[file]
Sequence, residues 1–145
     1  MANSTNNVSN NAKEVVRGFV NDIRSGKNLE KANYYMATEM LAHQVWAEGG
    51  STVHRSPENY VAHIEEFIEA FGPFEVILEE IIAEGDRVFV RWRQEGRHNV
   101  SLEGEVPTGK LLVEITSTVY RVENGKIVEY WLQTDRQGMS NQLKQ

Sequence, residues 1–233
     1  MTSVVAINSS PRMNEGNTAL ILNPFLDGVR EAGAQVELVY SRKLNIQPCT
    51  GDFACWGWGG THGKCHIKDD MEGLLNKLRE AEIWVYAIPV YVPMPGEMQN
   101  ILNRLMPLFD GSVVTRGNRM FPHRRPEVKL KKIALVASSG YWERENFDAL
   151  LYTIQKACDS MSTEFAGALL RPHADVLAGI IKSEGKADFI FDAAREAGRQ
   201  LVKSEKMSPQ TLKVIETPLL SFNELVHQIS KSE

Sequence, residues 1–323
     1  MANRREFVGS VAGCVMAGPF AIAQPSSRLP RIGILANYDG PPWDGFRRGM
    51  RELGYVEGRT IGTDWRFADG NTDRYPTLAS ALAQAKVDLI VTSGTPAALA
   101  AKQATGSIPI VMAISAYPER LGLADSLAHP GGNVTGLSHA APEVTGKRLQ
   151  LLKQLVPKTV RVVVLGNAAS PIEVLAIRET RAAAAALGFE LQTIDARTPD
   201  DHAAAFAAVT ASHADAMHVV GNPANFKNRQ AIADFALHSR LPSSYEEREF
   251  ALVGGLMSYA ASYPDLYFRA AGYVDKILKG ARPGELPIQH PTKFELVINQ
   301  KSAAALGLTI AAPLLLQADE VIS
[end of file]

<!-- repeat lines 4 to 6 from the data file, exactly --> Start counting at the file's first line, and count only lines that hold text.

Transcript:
   101  SLEGEVPTGK LLVEITSTVY RVENGKIVEY WLQTDRQGMS NQLKQ

Sequence, residues 1–233
     1  MTSVVAINSS PRMNEGNTAL ILNPFLDGVR EAGAQVELVY SRKLNIQPCT